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contempating

Do you talk to yourself?

I don’t mean when you’re wrestling through your taxes or walking through your to-do list. But do you talk yourself, really? When you are fearful, do you command your soul to trust in the Lord?  When your affections are low, do you command your heart to bless the Lord? As Paul Tripp is fond of saying, “No one is more influential in your life than you are because no one talks to you more than you do.”

In the particularly difficult moments of the day, how do you talk to yourself? How do you specifically exhort yourself to hope in God?

Psalm 103 has been immensely helpful for me as a pattern for commanding my soul in seasons of low affection. The Psalm begins (Psalm 103:1–2) and ends (Psalm 103:20–22) with David’s exhortation to his own soul to bless the Lord. While there is much to draw out of this rich text, I’d like to highlight two observations:

  1. Remind yourself of what the Lord has done

Sin, pain, or sorrow can blind us to God’s present work and, occasionally, even the miraculous ways He’s worked in our lives in the past. And while we might argue with our journal or with our memory, God’s work in redemptive history is unassailable. David helps us by reminding himself (and us) of God’s irrevocable work for his people in history:

The Lord works righteousness and justice for all who are oppressed. He made known his ways to Moses, his acts to the people of Israel.

David takes us (and himself) back to the most pivotal event he can think of. And it’s not in the valley of Elah with three smooth stones in his hand and a sling by his side. In fact, it’s not even an event from his lifetime.

Instead, David brings us back to Sinai (see Exodus 6:6–9). He brings us back to the moment when the Lord worked powerfully and victoriously and decisively to redeem his people out of Egyptian bondage. He brings us back to the moments when God demonstrated his covenant-keeping love.

In the fight to command our souls to bless the Lord, we not only call to mind the things in general that are true about the Lord (see Psalm 103:3–5), we follow David’s example to get our arms around concrete, unassailable realities of his work in redemptive history. We lift our gaze above our own circumstances and fix it upon the Lord’s acts of provision and deliverance in the past. We tell ourselves what God has done — in history, for us.

  1. Hold fast to a specific truth about the Lord

David does something very instructive next. Having reminded himself of who God is and what God has done in redemptive history, he latches on to a particular text, specifically Psalm 103:8,

The Lord is merciful and gracious, slow to anger and abounding in steadfast love.

David is quoting Exodus 34:6. At the heart of David’s self-exhortation (cf. also Psalm 145:8!), he has a particular text in mind — one frequently recalled by Old Testament authors in the midst of sin (Joel 2:12), sorrow (Lamentations 3:21–23), and pain (Psalm 86:15).

David, Moses, Jonah, Jeremiah, Joel, Nehemiah, and Hezekiah — they all went here for help (Jonah 4:2Nehemiah 9:162 Chronicles 30:9). And David, having to mind this text, begins to spin out all its implications — God’s anger does not last forever, sin has been cast as far as the east is from the west, God’s compassion will not fail because David is his (see 103:9–19).

David is moved. A heart that was faltering is now soaring. A deeply wrought gratitude now swells up to expression. He cannot keep it in: “Bless the Lord, O my soul” (see Psalm 103:20–22).

When you’re talking to yourself, are you reminding yourself of what God has done for you in Christ Jesus?

Do you have specific texts with which you exhort your soul? When the days are darkest, don’t let your soul take command. Summon your soul to bless the Lord.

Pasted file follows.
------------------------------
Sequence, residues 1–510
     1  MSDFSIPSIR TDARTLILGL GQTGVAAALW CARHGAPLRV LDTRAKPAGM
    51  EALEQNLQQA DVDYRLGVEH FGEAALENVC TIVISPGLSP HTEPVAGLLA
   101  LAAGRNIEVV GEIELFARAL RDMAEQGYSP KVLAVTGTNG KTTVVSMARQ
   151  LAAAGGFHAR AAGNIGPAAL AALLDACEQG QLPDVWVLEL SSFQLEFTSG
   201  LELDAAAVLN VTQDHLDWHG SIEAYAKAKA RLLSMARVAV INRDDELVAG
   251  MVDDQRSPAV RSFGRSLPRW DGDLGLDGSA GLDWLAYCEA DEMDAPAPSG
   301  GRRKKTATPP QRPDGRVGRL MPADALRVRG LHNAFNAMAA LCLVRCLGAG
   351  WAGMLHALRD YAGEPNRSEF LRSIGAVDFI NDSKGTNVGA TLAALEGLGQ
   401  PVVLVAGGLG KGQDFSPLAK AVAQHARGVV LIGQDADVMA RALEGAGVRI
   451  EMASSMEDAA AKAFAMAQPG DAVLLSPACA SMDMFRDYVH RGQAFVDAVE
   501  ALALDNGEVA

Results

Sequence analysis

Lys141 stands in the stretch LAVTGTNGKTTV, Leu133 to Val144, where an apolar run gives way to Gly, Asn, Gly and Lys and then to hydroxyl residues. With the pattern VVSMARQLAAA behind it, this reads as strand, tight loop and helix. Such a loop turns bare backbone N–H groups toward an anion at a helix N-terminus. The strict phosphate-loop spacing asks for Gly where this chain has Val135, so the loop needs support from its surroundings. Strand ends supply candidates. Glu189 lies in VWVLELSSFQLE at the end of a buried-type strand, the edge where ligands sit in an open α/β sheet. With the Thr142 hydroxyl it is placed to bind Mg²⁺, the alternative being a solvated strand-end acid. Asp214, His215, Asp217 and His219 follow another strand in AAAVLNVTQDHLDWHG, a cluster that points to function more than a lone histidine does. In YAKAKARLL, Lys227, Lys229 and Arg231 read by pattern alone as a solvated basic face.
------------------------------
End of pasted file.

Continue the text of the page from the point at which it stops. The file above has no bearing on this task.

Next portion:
Find specific texts by which you can fight the fight of faith — perhaps some short ones like these: Matthew 28:20Hebrews 13:5–6Isaiah 41:10) and long ones (Romans 8:26–39John 10:7–18; Psalm 103!.

“May the word of Christ dwell in you richly. . .” (Colossians 3:16).

  • The following was a post by Ryan Griffith that originally appeared on desiringGod.

Ryan Griffith serves as the Assistant Professor of Christian Worldview and Director of Undergraduate Studies at Bethlehem College and Seminary in Minneapolis, MN.

  • Check out THIS video of Paul Tripp talking about preaching the gospel to yourself.

A photo by dan carlson. unsplash.com/photos/oTQVwECws8o

Believe the unbelievable.

Expectation is the act or state of looking forward or anticipating; an expectant mental attitude. The mindset and posture in which we should approach God are one of expectation. We expect God to show up, move, lead, and guide. If He doesn’t then we are simply leading in the flesh and won’t make an eternal difference.

William Carey said, “Expect great things from God; attempt great things for God.”

The innovative and strange leader expects great things from God. The innovative and strange leader leads by faith and is rooted in hope.

Christian artist, Steven Curtis Chapman, wrote a song entitled “Great Expectations.” Let’s look at his lyrics to the chorus:

Believe the unbelievable. Receive the inconceivable.

And see beyond my wildest imagination Lord, I come with great expectations.

Can we really “believe the unbelievable” and “receive the inconceivable?” Several years ago, I got to hear Joel Hunter preach at Buckhead Church in Atlanta. He taught on expectation and defined it as “a belief that is centered on the future.” Joel said, “We can expect God to be: available, wise, gentle and tough, patient, comforting, strong, and relentless.”

Does your belief in God to be wise and strong affect how you lead and make decisions? If God truly knows what is best, do we trust Him no matter where He leads and no matter what He asks and requires of us?

I wait expectantly trusting God to help for He’s promised —Psalm 130:5 (LB)

I pray to God—my life a prayer—and wait for what he’ll say and do. —Psalm 130:5 (MSG)

My friend, Steve Komanapalli, who used to be special assistant to Rick Warren and a pastor at Saddleback wrote a guest blog for me a while back. In it, he said, “A farmer doesn’t plant some seeds and go to Hawaii for a year! He spends the time anticipating, expecting a harvest.” He also encouraged my readers to check out James 5.